In recent weeks, Covid-19 has rapidly spread throughout New York City. The obstetrical population presents a unique challenge during this pandemic, since these patients have multiple interactions with the health care system and eventually most are admitted to the hospital for delivery. We first diagnosed a case of Covid-19 in an obstetrical patient on March 13, 2020, and we previously reported our early experience with Covid-19 in pregnant women, including two initially asymptomatic women in whom symptoms developed and who tested positive for SARS-CoV-2, the virus that causes Covid-19, after delivery.1,2 After these two cases were identified, we implemented universal testing with nasopharyngeal swabs and a quantitative polymerase-chain-reaction test to detect SARS-CoV-2 infection in women who were admitted for delivery.
Between March 22 and April 4, 2020, a total of 215 pregnant women delivered infants at the New York–Presbyterian Allen Hospital and Columbia University Irving Medical Center . All the women were screened on admission for symptoms of Covid-19. Four women (1.9%) had fever or other symptoms of Covid-19 on admission, and all 4 women tested positive for SARS-CoV-2 (Figure 1). Of the 211 women without symptoms, all were afebrile on admission. Nasopharyngeal swabs were obtained from 210 of the 211 women (99.5%) who did not have symptoms of Covid-19; of these women, 29 (13.7%) were positive for SARS-CoV-2. Thus, 29 of the 33 patients who were positive for SARS-CoV-2 at admission (87.9%) had no symptoms of Covid-19 at presentation.
Of the 29 women who had been asymptomatic but who were positive for SARS-CoV-2 on admission, fever developed in 3 (10%) before postpartum discharge (median length of stay, 2 days). Two of these patients received antibiotics for presumed endomyometritis (although 1 patient did not have localizing symptoms), and 1 patient was presumed to be febrile due to Covid-19 and received supportive care. One patient with a swab that was negative for SARS-CoV-2 on admission became symptomatic postpartum; repeat SARS-CoV-2 testing 3 days after the initial test was positive.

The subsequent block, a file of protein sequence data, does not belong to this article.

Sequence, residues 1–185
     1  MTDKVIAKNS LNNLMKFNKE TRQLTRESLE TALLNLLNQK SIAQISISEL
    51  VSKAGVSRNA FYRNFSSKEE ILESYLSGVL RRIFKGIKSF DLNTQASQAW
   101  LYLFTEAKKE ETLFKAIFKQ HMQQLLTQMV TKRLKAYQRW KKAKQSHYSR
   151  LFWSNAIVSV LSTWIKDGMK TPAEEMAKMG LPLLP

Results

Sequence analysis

Our use of universal SARS-CoV-2 testing in all pregnant patients presenting for delivery revealed that at this point in the pandemic in New York City, most of the patients who were positive for SARS-CoV-2 at delivery were asymptomatic, and more than one of eight asymptomatic patients who were admitted to the labor and delivery unit were positive for SARS-CoV-2. Although this prevalence has limited generalizability to geographic regions with lower rates of infection, it underscores the risk of Covid-19 among asymptomatic obstetrical patients. Moreover, the true prevalence of infection may be underreported because of false negative results of tests to detect SARS-CoV-2.3
The potential benefits of a universal testing approach include the ability to use Covid-19 status to determine hospital isolation practices and bed assignments, inform neonatal care, and guide the use of personal protective equipment. Access to such clinical data provides an important opportunity to protect mothers, babies, and health care teams during these challenging times.
Desmond Sutton, M.D.
Karin Fuchs, M.D., M.H.A.
Mary D’Alton, M.D.
Dena Goffman, M.D.
Columbia University Irving Medical Center, New York, NY